Workplace wellbeing: Why a candid discussion on mental health is long overdue

In the Middle East, mental health challenges remain under-acknowledged and more needs to be done to ensure the mental wellbeing of employees, say experts.

Edelman's internal initiative Livewell includes meditation, yoga and other activities designed to improve wellbeing (©GettyImages)

An ‘always-on’ culture, social media excluding employees the time to switch-off and a strive for perfection mean professionals in the Middle East PR industry are facing increasing strains on their mental health - yet workplace wellbeing is often still a topic that is ignored in the region, according to experts.

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Across the industry, more needs to be done to ensure wellbeing in the workplace and provide staff with an independent and trustworthy source of support they can turn to if they're struggling with an issue.

Francis Ingham, ICCO chief executive and director-general of the PRCA, said ICCO’s most recent World PR Report shows that mental wellbeing is an issue for the industry everywhere around the world.

"And that most definitely includes the Middle East," said Ingham. Two big dynamics, he says, are driving this. 

"We have prospered in the social media world. But it excludes the possibility of true relaxation. Secondly, we continue to over-service clients - we are doing more work than there reasonably is time for."

Ingham says the big challenge is to normalise the conversation about mental wellbeing so that people are comfortable talking about it.

"That includes both those experiencing difficulties and the colleagues and clients around them."

Ray Eglington, group managing director of Four Communications, also said mental health in the workplace is a challenging issue.

"It is one which is only just beginning to be addressed by the sector – here and in other key markets around the world.

"The ‘always-on’ nature of much of our work, coupled with the competing pressures of different clients and projects, really can create terribly challenging situations for people."

Eglington said the most important thing employers can do is listen.

"We need to make sure employees feel they can raise concerns and will be listened to sympathetically and constructively. Then we need to be ready to act in response to those concerns. 

"Critically, we all need to avoid perpetuating the stigma of mental health issues. Because we often can’t see the symptoms as visibly as those of a cold, say, it can be easy to diminish their importance."

Jonty Summers, managing director of Hanover Middle East, said that while the true prevalence off mental health stress in the Middle East workplace is difficult to estimate, the issue undoubtedly exists.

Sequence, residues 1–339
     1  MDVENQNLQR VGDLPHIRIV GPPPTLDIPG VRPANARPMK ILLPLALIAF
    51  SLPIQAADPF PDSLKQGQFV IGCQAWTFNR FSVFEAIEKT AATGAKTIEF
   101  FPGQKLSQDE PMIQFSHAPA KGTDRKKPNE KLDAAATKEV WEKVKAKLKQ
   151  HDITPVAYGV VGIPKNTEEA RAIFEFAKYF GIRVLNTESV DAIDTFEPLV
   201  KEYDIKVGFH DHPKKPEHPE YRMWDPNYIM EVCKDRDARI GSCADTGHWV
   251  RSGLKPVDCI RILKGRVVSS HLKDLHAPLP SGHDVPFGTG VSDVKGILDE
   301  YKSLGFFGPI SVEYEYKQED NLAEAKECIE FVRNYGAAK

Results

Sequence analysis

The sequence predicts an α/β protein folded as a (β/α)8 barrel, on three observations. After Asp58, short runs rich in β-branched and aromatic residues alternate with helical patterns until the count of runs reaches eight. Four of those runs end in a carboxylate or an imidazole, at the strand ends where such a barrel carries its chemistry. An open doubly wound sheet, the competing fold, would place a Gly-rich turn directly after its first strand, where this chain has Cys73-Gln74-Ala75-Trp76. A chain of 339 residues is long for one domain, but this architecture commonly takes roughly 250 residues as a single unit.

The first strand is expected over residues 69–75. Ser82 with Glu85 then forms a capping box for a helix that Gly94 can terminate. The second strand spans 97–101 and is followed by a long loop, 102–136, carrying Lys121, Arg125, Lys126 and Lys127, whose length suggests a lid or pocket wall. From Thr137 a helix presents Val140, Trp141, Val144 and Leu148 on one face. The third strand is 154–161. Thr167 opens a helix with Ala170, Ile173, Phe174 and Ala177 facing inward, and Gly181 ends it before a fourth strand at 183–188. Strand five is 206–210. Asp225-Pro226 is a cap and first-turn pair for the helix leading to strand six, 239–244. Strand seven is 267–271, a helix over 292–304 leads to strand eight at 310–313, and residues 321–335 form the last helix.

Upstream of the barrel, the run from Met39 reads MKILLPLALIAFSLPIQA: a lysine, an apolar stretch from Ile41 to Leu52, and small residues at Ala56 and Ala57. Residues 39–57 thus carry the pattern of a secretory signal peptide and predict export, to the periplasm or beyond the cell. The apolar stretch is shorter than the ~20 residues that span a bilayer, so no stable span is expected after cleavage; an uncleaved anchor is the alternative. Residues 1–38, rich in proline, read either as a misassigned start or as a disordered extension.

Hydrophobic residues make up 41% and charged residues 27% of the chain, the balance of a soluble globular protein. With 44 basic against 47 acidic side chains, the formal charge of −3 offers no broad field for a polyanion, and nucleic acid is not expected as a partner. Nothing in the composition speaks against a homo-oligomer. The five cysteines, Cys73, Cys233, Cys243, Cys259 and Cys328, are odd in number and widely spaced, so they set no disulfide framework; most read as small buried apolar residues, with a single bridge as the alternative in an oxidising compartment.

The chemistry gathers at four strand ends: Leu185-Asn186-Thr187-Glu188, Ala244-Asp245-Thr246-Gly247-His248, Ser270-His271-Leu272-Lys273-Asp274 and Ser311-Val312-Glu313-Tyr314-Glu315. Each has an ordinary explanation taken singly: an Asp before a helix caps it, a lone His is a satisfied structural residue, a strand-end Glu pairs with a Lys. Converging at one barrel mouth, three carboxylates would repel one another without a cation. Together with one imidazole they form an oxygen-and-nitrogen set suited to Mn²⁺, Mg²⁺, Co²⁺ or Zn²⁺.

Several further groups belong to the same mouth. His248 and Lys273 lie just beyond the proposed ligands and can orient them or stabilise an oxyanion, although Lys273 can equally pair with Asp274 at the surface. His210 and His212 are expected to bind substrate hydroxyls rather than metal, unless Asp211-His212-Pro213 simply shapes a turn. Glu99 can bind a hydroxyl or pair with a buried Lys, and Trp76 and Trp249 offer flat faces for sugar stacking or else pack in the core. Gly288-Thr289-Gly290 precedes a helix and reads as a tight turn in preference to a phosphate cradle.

"Certainly, where you have an intersection of creativity and deadlines; people with a leaning towards perfectionism (which is certainly the PR community); challenging expectations and, perhaps, a requirement for ‘presenteeism’ in the office, your teams are going to find it hard to turn up and do great work."

Summers said Hanover integrated a scheme called the Employee Assistance Programme, provided by GuidanceResources, earlier this year. It offers counselling, legal and financial consultation, and crisis intervention services to employees and their dependents. 

People can speak to a qualified counsellor in their own language about a range of emotional, financial, legal or work-life concerns. The service provides free short-term counselling with local experts who can help with emotional concerns, including anxiety, depression, stress, grief, loss, life adjustments, relationship and partner conflicts.

More companies should integrate similar schemes to protect the mental wellbeing of their employees, said Summers.

Roxanne van Zyl, HR manager for Edelman Middle East, said the organisation takes wellbeing in the workplace very seriously. 

"We run a number of initiatives, which include mental health awareness, mindfulness and reflection sessions that are supported by local motivational speakers, subsidised exercise classes and group sessions, healthy snacks in the office and, most importantly, the promotion of our global internal initiative Livewell.

"Livewell encompasses different aspects of wellbeing, including yoga, meditation, lifestyle/wellbeing webinars etc. We also support our employees with "ComPsych" – a phoneline that colleagues are able to call to receive advice and assistance on matters inside and outside of the workplace. We believe that by providing various wellbeing support channels, there is something for everyone, which encourages a culture of work-life balance."

"I suspect that mental health challenges remain under-acknowledged in most countries, and I’m certain that people don’t talk about it enough in the Middle East. 

"The subject of mental health is not an easy one to broach for an employee with their boss – it requires a high level of trust in your employer and I’m not sure people in this region always trust that they are ‘in good hands’ to be able to reveal elements of themselves that might be less than a vision of perfection."

Ingham said the true answer lies in speaking openly about the subject of mental health to break down any lingering stigma around the issue.

"One day, an agency head or communications director will stand up at a PRCA MENA or PRWeek conference and talk candidly about their mental health issues. The audience will applaud them for doing so. 

"That day will be a defining one for our industry - and I am sure that day is coming soon." 

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